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Wireless "tabs" don’t really deliver deals

25 Aug

In a bit of a departure today, I thought I’d write a bit about one of my favourite topics: cellphones. As every wireless customer in Canada knows, we’ve been shelling out pretty nicely here for years to our big three wireless carriers, Bell, Rogers and Telus. Things are looking up though, with several smaller new players – such as Wind, Mobilicity and Public Mobile – shaking things up and helping prices come down. The situation has also been helped by Bell and Telus recently moving to the same network technology as Rogers, which means that in theory at least, customers will be able to use their phones on all three networks, which will spur competition. Apple’s iPhone is a good example – all three carriers offer the hot device, and deals are starting to emerge to entice customers to a particular service provider.

The other day, though, Virgin Mobile put out a press release introducing its new “Super Tab,” which is supposedly a way to get cool phones without signing a long-term contract or paying the full price of the device up front. It’s essentially a knock-off of Koodo’s Tab. Virgin and Koodo, if you didn’t know, are respectively owned by Bell and Telus.

Here’s how Virgin’s Super Tab works: pick a phone, then bank up to $500 of the cost on the Super Tab, and pay the rest – if any – up front. Then, 10% of your monthly bill will be deducted from the amount you owe on the phone. Ultimately, you’ll have the phone paid off, or so the idea goes. If you cancel your service at any point, you have to pay off whatever is left on your Super Tab. Koodo’s Tab is similar, except the amount you can start off owing is set at a maximum of $150.

The whole tab concept, while marketed as beneficial to consumers, is unfortunately another attempt to snow customers because they can actually cost you more money than if you bought the phone up front, or if you signed on to a long-term contract. Take Virgin’s highest-end phone as an example: the iPhone 4 32 GB, which costs $769 up front. If you bought this phone, you’d have to pay $269 up front and bank $500 on your Super Tab. If your monthly bill was, say $50, you’d earn $5 a month – which means your new iPhone would be paid off in about, oh, eight years and three months. If you’re a power user and your monthly bill was $100, you’d have it paid off in half that time – just four years, or one year longer than a three-year contract (which, incidentally, is the longest contract you’ll find anywhere in the world).

Let’s do some math. If you were indeed that $100 power user and cancelled your service after three years you’d still owe $140 on that phone which, when you add the initial $269 up-front payment, would bring the total amount you shelled out to $409 (the $50 user would still owe $320, for a total cost of $589). But if you bought the same phone from parent Bell on a three-year contract today, you’d pay $159, which means if you have no intention of canceling your service over the next three years, there’s absolutely no reason to go with the Super Tab. In real terms, it would cost the $50-a-month user $430 more to use the Super Tab, and the $100-a-month customer $250 more.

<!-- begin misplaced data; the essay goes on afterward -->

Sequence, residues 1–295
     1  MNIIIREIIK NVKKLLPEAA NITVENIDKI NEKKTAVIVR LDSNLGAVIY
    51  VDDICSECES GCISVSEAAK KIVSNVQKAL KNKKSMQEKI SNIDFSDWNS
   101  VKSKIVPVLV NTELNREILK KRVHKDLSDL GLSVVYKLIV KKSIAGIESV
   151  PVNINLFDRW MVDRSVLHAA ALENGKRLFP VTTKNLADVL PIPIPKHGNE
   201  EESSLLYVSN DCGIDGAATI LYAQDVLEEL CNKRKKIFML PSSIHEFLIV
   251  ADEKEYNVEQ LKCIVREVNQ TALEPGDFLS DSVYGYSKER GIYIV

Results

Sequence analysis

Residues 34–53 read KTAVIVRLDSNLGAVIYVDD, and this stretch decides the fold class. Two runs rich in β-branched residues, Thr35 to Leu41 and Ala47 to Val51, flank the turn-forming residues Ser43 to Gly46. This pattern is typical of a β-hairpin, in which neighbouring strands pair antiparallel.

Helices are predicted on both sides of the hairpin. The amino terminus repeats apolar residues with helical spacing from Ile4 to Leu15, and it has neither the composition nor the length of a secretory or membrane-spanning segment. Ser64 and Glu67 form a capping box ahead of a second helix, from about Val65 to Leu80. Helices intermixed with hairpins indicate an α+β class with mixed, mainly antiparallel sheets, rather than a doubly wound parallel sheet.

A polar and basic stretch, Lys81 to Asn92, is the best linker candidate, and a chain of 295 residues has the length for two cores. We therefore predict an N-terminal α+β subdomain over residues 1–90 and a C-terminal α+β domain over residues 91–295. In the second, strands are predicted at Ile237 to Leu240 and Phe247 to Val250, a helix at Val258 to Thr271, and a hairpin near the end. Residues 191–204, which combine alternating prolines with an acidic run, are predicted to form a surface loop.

But what if you cancelled your service after one year? On the Virgin Super Tab, the $100 customer would still owe $380, bringing the total cost to $649, while the $50 customer would still owe $440 for a total cost of $709. How much would the Bell customer owe? Who knows? The maximum early termination fee used to be $400, which would bring the total iPhone cost after one year to $569 – not a bad deal given the $769 price tag – but that doesn’t seem to be the case any more. Any mention of wireless cancellation charges have recently vanished from Bell’s website which, if you care about such things, is a violation of the wireless industry’s self-adopted code of conduct. What you might owe Bell after canceling your iPhone one year into a contract is anybody’s guess at this point. (Telus is more transparent with its early termination fees – canceling an iPhone after one year would run you $480.)

Speaking of Telus… currently, the most expensive phone offered through Koodo is the BlackBerry Curve 8530 for $250. Let’s bank $150 on the Tab. Again, a $50-a-month customer would have that paid off in two-and-a-half years while a $100 customer would take just over a year. That’s not nearly as bad as the Virgin example above, but it’s clear that the more expensive the phone, the worse this whole tab idea looks.

Again, if you want a high-end smartphone, you’re better off signing a contract or, better yet, buying the thing outright and unlocking it. That won’t necessarily net you any service deals yet, but that is likely to change if Wind, Mobilicity and the rest start to have any real impact.

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Posted by on August 25, 2010 in iphone, telecommunications

 

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